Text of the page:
The maximum ISO size is now 1GB, which is larger than can fit on a CD. It is expected that most users will have USB or DVD media available. USB media in particular is advantageous compared to CDs, because it is cheap and highly reusable.
Builds include only package versions from the "stable" repository, so they should in general be usable; please file a bug if you encounter any problems. If there is a bug in the generation toolchain, the images may not be built on a given night; in this case, the last built image will remain available.
If you use a LiveUSB with data persistence, you can run "yum update" to get the latest RPMs (except for the kernel). However, downloading a fresh daily ISOs is recommended instead of this method.
Installing via Anaconda
Anaconda is the Fedora installer. It can be booted directly, rather than run from a Live desktop. Installation options can also be more flexible.
Upgrade from any previous release via Preupgrade and Anaconda
A faster Anaconda installation can be performed from an existing copy of Fedora with PreUpgrade. See How to use PreUpgrade for instructions. During the process, check the box next to "Display unstable test releases" and select "Fedora 28 (Branched)" from the list.
Upgrading from a Branched test release
If a test release or "pre-release" (Alpha or Beta) is currently available, you can download it from: http://fedoraproject.org/get-prerelease
Test releases are configured to update to the latest version of the Branched release which they are building on automatically. To get the latest packages, you can run "yum update" or wait for desktop notification of updates. If you continue to follow updates, you will eventually end up with the same packages and updates as are in the final general availability release.
See upgrading from pre-release to final if you encounter any snafus.
Direct install using a general release Anaconda ISO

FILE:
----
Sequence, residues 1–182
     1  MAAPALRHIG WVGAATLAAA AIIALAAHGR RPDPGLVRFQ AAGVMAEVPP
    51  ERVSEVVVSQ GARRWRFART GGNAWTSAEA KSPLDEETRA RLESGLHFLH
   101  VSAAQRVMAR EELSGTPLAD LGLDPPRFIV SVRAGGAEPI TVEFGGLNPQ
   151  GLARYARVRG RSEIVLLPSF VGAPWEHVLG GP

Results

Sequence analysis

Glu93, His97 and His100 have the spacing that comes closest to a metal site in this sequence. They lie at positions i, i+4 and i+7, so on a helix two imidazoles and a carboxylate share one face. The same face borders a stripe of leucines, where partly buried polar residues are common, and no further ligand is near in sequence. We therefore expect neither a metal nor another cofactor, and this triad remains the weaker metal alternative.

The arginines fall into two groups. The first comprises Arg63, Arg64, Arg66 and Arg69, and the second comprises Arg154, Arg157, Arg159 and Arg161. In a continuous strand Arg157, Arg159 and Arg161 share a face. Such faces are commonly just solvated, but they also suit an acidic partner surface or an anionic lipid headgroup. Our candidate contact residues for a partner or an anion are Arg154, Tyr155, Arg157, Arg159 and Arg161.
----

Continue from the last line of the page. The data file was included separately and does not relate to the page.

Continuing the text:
You can use the version of Anaconda distributed with a final public release (the latest being Fedora 27). Using this method, you will be using an older but known-to-be-working installer to install the latest content in the Branched repository.
- Option 1 - Use a copy you've already downloaded
If you already have a bootable CD, DVD, USB stick, or hard drive partition containing the *-DVD.iso or *-disc1.iso you can use that to install Branched. However, if you need to download new boot media, these files are not recommended because they contain general release versions of Fedora RPMs, and you wish to install Branched RPMs. (See installation guide download page for instructions if you want to download these files anyway.) A general release Live image cannot be used to install Branched, only the general release version of Fedora which it contains.
- Option 2 - Download the minimal installer
If you need to make a bootable CD, DVD, USB stick, or hard drive partition, the best way is to download the minimal boot.iso installer, and load RPMs over the network. This is the same as the *-netinst.iso (e.g. Fedora-12-i386-netinst.iso) which you may find elsewhere. These files are not available by BitTorrent.
To get and use a boot.iso file:
- Go to http://download.fedoraproject.org/ - you will be redirected to a nearby mirror.
- Go to releases/27/Fedora.